Millions of Americans are now eligible for a child tax credit up to half of the total credit amount in advance monthly payments, and a majority of area residents are excited about the change.
For every child under 6 years old, families will receive $300, and for children from 6-17, they will receive $250. Eligible people will claim the other half when they file their 2021 income tax returns.
The first payment took place July 15. Additional payments will take place the 15th of each month until the end of the year. Those who prefer to receive the tax credit in one lump sum when they file their taxes can opt out of the monthly payments, but must do so three days before the end of the month.
“A lot of folks do find it beneficial. There are some who would rather have a sum at the end of the year. It’s a mixed party,” said Venessa Grimmett, office manager for Jackson Hewitt tax service.
Those eligible should have received two letters from the IRS: the eligibility letter that went out in June, and the second in July that indicated the amount of payment to be received. The IRS will disburse the money either by direct deposit or by check, depending how the family indicated when they filed taxes. Paper checks will be delivered two weeks after direct deposit.
“It will be the biggest refundable credit ever,” said Grimmett. “They are doing this because of the pandemic, but the Biden administration is trying to make it something permanent.”
In an online poll on the Tahlequah Daily Press website, 46 percent of readers believe the child tax credit will help many needy families, even though they will not benefit from it, and an additional 12 percent believe the change is beneficial to those who will receive payments. Twenty-one percent of users are not eligible and believe the tax credit is an example of government waste. Three percent of readers are eligible, but will decline the payments. Six percent believe the payments are an example of government waste, but will take the money just the same. Eleven percent of readers are undecided.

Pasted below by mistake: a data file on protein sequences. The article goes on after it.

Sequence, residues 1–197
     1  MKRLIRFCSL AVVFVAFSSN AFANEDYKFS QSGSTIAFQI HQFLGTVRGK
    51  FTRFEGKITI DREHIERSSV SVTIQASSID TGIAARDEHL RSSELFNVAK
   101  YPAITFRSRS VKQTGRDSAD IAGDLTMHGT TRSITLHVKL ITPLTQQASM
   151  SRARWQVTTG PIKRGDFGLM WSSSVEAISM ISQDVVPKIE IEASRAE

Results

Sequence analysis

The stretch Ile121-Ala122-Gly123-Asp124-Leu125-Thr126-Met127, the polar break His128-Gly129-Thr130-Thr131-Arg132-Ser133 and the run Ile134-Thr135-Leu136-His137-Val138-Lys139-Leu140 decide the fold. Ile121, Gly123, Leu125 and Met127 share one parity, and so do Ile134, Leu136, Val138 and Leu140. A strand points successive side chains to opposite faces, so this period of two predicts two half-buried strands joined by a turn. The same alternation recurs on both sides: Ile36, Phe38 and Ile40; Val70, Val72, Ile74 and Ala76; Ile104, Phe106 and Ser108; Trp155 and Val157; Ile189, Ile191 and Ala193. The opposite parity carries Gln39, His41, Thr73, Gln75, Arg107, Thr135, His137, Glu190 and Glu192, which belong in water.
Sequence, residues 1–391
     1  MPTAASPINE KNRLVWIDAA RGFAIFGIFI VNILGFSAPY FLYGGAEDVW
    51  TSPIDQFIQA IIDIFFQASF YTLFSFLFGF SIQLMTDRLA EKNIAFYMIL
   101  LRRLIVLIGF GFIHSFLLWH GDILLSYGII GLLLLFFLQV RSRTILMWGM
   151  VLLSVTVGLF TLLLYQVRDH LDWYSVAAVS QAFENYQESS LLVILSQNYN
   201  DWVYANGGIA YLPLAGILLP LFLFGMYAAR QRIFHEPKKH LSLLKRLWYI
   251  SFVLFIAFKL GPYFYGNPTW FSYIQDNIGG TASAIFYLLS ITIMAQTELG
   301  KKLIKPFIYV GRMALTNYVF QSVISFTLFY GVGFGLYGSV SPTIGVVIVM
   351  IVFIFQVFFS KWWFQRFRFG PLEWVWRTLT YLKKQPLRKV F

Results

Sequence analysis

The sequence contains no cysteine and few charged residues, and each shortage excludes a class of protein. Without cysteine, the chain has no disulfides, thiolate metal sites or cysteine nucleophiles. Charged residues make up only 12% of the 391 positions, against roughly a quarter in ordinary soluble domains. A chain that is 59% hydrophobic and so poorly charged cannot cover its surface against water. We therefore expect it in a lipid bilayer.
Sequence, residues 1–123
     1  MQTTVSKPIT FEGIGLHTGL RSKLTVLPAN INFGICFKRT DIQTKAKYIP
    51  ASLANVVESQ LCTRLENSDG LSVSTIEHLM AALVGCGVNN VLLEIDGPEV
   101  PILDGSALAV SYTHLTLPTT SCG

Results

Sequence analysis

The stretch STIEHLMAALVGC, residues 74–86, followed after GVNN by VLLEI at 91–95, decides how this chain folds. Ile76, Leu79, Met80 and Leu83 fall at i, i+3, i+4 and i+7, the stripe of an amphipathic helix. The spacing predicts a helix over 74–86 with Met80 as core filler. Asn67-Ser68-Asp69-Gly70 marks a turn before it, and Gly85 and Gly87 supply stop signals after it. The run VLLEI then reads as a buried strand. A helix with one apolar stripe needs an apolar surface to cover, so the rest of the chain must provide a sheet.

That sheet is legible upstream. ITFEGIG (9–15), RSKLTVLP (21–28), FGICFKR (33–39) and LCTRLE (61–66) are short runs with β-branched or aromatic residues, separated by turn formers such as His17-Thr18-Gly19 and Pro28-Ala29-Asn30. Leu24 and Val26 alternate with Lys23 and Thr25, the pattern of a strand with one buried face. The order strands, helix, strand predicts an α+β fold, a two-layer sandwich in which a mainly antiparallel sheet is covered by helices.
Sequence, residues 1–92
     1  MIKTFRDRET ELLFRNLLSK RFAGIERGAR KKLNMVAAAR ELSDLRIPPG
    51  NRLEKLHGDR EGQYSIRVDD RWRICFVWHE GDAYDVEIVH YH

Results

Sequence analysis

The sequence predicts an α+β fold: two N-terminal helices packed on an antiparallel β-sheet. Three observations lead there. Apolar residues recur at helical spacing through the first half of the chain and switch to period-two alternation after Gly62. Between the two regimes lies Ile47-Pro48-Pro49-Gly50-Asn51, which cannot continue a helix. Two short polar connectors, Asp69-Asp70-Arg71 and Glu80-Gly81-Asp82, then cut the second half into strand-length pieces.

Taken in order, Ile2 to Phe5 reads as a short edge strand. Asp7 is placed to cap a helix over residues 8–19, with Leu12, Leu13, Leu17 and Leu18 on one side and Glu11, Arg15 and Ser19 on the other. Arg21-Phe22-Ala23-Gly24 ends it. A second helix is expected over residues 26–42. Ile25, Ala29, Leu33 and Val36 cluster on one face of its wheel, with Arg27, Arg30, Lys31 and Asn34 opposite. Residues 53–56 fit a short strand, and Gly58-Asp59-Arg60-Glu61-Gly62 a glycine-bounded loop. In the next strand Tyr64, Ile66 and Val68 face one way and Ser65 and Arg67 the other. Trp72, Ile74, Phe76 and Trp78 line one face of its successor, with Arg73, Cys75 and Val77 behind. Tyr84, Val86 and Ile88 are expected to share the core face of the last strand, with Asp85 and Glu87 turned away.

Michael Cummings, a Daily Press Facebook user, believes the child credit will help families to spend their money more carefully. He responded to questions on the July 17 Saturday Forum.
“Hopefully by breaking the payoff into multiple payments, it will reduce the buying of luxury goods and increase the purchase of necessity goods,” he said.
Christine Cotton, another Facebook user, believes the tax credit is a waste, and that there is no guarantee the money received will be directed toward the children the money is supposed to benefit.
“I would like the income tax to be returned as well. I still have not got mine, and where is all this money coming from? Will they use it for the kids?” she asked.
Dawn LeForce believes the IRS is not offering enough money to U.S. citizens. She is also concerned that those who have not filed taxes may not be eligible for the tax credit.
“Only working people with kids can get this. The poor... many of us disabled and/or the elderly therefore don't have to file taxes,” said LeForce. “We should all be calling for monthly stimulus checks like other countries. We're supposed to be the No. 1 country in the world. Yet all we've gotten is $3,200. That's pretty pathetic.”
For more discussion on the child tax credit, go to www.facebook.com/tdpress and scroll down to the July 17 Saturday Forum.